Selected Art in My Living Room

by kipress

Six old photographs of people I don’t know. When I was researching the photographs for my book Types of Canadian Women, I was in the habit of buying old photos and photo albums at antique shops. These six are my picks from a 1930s batch of mostly seaside holiday shots: blurry and less blurry lone figures in the water, couple goofing around, family hamming it up.

Illuminated calligraphy page of Yeats’s “The Pity of Love.” I inherited this from my grandmother, who fancied herself a Yeats scholar (judging by the number of books on the subject in her library), and made many trips to Ireland. I have no doubt she picked this up there as a souvenir.

A large Camille Corot print. It’s one of his green leafy poetic pastorals, but I couldn’t find it anywhere in 91 pages of Google Image results. It’s got a distant bridge on the left, and two figures on a path leading up to a great big tree on the right. We found this print in the basement of my husband’s grandparents’ house, and he recognized that it had belonged to his mom, and she somehow left it behind when she moved from Winnipeg. So we took it home.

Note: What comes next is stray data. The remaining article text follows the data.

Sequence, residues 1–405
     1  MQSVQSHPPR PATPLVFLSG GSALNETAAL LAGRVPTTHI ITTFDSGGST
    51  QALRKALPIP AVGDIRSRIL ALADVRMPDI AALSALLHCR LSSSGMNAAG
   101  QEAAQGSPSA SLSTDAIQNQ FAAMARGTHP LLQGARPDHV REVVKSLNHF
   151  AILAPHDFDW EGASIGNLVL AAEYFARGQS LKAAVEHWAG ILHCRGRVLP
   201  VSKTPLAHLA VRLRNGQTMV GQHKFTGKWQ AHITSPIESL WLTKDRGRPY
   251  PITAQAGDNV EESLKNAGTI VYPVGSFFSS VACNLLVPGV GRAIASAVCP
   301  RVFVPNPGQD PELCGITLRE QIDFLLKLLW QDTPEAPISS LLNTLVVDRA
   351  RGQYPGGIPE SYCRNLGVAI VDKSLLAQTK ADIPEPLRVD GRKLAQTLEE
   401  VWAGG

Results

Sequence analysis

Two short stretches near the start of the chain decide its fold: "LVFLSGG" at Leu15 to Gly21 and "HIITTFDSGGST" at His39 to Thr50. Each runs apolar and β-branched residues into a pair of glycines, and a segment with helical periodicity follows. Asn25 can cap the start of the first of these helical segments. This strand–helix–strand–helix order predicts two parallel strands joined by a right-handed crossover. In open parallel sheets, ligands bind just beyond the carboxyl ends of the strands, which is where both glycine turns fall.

A small letterpress woodcut which I acquired when I used to subscribe to The Devil’s Artisan, the “Journal of the Printing Arts” published over at Porcupine’s Quill. Each issue comes with a small print. I’ve separated it from its title and information. It depicts a tree.

 

Limited edition print depicting St. Joseph’s College, University of Alberta. This was produced for some anniversary fundraiser I’m sure, and my dad, who went to St. Joe’s, bought one, and I inherited it. It’s the Catholic college at the U of A. Incidentally, he went there at the same time as former Prime Minister Joe Clark, about whom he said unenlighteningly, “He talked about politics a lot.” Further to my dad’s time at St. Joe’s, he had this story. The conversation went something like this.

“There was Engineering Week. Do the engineers still have that? And the engineers, on the Engineering Building, had this big balloon, I’m not sure what it was supposed to be, but something inflatable, on the roof. You could see it from some of our dorm rooms. One year, someone shot it and it deflated. Everyone wanted to find who shot the balloon.  And when I went up to my room, I found that my gun was missing and—“

“Wait, wait. Did you say your gun was missing? Why on earth did you have a gun in your dorm room?”

“Well, you never know when you might want to go hunting.”

“I see.”

“The next day, the gun was back.”

 

 

 

 

 

 

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